If you are looking to save some money when buying a car, buying a used car rather than a new one can be a great option for you. When buying things “second hand”, especially a used car, you should be wary of any visible or hidden flaws or defects to the vehicle such as wear and damage. Plus, whether the vehicle has been wrecked, repurchased under a state lemon-law program, suffered flood damage, or had another mechanical or electrical problem.
Car dealerships or private sellers can often be deceiving when it comes to the condition of the used car. How often have you heard the expression -“The car was driven by a Grandma”, referring to the condition of the car as perfect, only to find a car that is in poor condition.
In order to save your time and money we have put together a list of ways to protect yourself when buying a used car:
1. Visual check
A visual inspection of the exterior of the car as well as the interior of the car can tell a lot about its history. Checking for bigger scratches, dents, rust, damage, and over-sprayed body panels may indicate the car was involved in some kind of previous accident. Any unusual gaps between the body panels, bumpers, and lights may indicate previous repairs. Any unusual wear and tear in upholstery may suggest water damage. The smell of the vehicle’s interior can also indicate its general state, as it may uncover flood damage that can lead to possible future electrical problems. A car with low mileage but has heavy wear on the driver’s seat, steering wheel and pedals should raise alarm bells.
2. Test Drive
The test drive is a must. Before even considering buying a used car, you should do a test drive above everything else. Why spend precious time and money when you can determine the general condition of the car in minutes with a simple test-drive all by yourself. Look for any unusual squeaks and rattles coming from the engine or brakes that may indicate previous damage or items that need to be repaired in general. Drive the car over different surfaces and at different speeds to check the shocks and suspension of the car. Check all the car electronics, such as the radio, electronic windows, and mirrors, AC and heating, etc. Check the transmission by changing all the gears sequentially, and look for any noises coming from the clutch. Check if the gear lever is centered when in neutral.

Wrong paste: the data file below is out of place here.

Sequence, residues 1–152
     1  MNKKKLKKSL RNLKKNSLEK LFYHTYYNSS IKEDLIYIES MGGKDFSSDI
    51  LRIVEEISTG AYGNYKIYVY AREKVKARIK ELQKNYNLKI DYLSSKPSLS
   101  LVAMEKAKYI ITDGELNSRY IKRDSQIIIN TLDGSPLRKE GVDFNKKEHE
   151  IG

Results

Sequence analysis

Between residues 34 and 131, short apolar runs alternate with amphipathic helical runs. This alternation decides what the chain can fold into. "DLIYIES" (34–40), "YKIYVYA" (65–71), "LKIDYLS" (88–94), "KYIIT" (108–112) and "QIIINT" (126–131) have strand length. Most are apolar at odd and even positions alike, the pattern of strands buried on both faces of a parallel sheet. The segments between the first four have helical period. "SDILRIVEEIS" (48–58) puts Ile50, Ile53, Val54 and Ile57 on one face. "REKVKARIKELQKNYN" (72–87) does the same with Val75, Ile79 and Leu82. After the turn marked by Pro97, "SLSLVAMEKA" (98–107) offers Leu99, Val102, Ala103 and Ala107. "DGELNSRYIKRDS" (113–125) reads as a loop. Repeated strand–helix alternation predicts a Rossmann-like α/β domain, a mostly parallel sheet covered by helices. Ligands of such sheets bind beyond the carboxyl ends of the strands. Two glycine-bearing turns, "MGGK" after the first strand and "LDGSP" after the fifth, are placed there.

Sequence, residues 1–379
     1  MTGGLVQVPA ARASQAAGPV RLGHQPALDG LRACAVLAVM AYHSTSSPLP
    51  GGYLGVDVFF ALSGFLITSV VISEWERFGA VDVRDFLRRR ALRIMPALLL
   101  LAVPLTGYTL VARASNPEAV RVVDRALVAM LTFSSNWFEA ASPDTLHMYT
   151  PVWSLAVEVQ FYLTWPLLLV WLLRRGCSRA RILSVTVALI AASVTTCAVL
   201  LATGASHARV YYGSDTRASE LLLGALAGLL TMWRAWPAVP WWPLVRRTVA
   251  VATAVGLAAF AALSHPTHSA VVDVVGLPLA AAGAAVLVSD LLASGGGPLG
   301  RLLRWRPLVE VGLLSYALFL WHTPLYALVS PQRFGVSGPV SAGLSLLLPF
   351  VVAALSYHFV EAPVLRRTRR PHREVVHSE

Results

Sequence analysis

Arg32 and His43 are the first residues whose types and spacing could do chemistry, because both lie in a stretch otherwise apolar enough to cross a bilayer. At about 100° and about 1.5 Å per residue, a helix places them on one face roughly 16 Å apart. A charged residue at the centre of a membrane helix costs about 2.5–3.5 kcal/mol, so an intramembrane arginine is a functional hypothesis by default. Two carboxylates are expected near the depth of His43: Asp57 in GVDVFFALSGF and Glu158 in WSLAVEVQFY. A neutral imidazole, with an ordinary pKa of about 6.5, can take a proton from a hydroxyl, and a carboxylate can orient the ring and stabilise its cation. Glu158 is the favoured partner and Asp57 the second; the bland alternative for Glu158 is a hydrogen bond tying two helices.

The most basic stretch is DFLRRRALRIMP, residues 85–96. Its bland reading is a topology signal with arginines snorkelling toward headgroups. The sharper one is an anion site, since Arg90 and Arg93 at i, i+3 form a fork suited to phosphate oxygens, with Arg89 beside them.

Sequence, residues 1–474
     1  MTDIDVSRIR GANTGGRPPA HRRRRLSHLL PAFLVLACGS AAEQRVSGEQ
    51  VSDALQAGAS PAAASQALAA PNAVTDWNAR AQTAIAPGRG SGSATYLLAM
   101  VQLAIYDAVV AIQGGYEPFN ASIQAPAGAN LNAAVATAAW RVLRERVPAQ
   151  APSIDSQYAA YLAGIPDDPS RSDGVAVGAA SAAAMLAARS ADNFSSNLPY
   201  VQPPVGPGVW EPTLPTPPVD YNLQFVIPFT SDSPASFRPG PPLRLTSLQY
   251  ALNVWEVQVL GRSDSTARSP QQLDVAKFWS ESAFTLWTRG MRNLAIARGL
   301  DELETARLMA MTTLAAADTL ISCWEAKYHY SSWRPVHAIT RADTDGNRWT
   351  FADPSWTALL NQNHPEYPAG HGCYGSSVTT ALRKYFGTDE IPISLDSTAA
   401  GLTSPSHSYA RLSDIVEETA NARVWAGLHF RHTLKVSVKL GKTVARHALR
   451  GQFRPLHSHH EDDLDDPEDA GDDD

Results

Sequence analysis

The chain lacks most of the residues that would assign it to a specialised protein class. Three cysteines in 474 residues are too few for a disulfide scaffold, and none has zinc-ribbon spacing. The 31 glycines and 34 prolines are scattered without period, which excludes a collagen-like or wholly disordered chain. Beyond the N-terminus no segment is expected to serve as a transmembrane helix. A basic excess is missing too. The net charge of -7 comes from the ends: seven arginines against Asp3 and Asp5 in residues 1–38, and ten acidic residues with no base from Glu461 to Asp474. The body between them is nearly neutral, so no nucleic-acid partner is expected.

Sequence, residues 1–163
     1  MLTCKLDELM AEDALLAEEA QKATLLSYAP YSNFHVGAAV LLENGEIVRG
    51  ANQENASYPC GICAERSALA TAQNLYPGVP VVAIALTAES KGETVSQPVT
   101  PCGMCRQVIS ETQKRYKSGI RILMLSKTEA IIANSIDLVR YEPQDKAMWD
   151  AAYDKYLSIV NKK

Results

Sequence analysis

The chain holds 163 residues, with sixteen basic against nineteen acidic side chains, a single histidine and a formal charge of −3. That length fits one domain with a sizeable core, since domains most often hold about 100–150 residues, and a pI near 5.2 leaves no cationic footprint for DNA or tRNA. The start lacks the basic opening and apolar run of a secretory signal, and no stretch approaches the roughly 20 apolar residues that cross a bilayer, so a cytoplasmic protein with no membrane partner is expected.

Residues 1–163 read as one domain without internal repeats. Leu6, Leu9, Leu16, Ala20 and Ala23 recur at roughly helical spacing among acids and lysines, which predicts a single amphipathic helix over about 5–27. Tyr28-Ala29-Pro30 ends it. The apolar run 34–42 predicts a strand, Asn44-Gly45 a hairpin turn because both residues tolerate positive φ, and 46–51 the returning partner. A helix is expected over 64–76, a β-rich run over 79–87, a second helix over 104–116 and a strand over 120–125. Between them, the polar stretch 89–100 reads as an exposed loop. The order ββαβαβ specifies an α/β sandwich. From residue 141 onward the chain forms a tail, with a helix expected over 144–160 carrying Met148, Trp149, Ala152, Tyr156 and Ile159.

Mileage can be a good indicator of the state of the car. Low or high mileage impacts the value of the car when it is bought and sold, together with the maintenance and service costs. Mileage is perceived as high or low in relation to the age of the car. Here, there is usually less wear and tear on cars with low mileage as long as the car has been properly maintained. This means that important car parts can expect to last longer, as depending on the car, a part will likely need to be replaced after a certain mileage.
4. Ask questions
Ask the seller about the condition of the car. The more you ask, the more you will know. Don’t hesitate to ask even the dumbest questions. The most common questions are “Why are you selling the car”, “What’s the overall condition of the car”, “What’s the mileage” etc.
5. Get a Vehicle History Report
After completing the test drive, having satisfactory results, the next step is to get a Vehicle History Report. Why rush and spend money unnecessarily on certified Mechanics, when you don’t know anything about the car’s history.
Perhaps the most important action you can undertake in determining the overall condition of the vehicle is to get a Quick PPSR report from www.quickppsr.com.au as it will provide you with the necessary information regarding the used vehicle.
They can alert you to possible odometer fraud; reveal past floods, fire, and accident damage. The PPSR check is going to be the best investment you ever made. You are going to get really high returns on this small amount of money – a great second-hand car and not a lemon. By entering the vehicle rego number or VIN you will get a Finance owing report, Registration details, stolen vehicle check, Specifications, PPSR Certificate and a Write off check.
6. Inspection by a certified Mechanic
If you are satisfied with the information provided by the PPSR check, the next step is to get the used car inspected by a certified Mechanic. By checking the car’s major systems and components the inspection may uncover any wear, damage, or any potential future problems. After all, you should consider the maintenance cost of the used vehicle, as some cars are more expensive to maintain than others. A telltale sign of a car with hidden problems is if the seller denies you an inspection. The smartest thing to do in such situations is to just walk away and don’t buy the used car, or any other vehicle from the seller.
The key element to protect yourself when buying a used car is to be thorough when inspecting all aspects of the vehicle. A detailed inspection of the interior and exterior of the car is crucial for the overall history and maintenance of the vehicle. The best indicators to determine the mechanical condition, and the condition of the electronical elements, is to conduct a test drive and check out the mileage of the vehicle. Furthermore, conducting a car inspection by a certified Mechanic can lead to the discovery of all hidden problems and maintenance costs of the vehicle. Moreover, you could determine whether it is worth buying the car.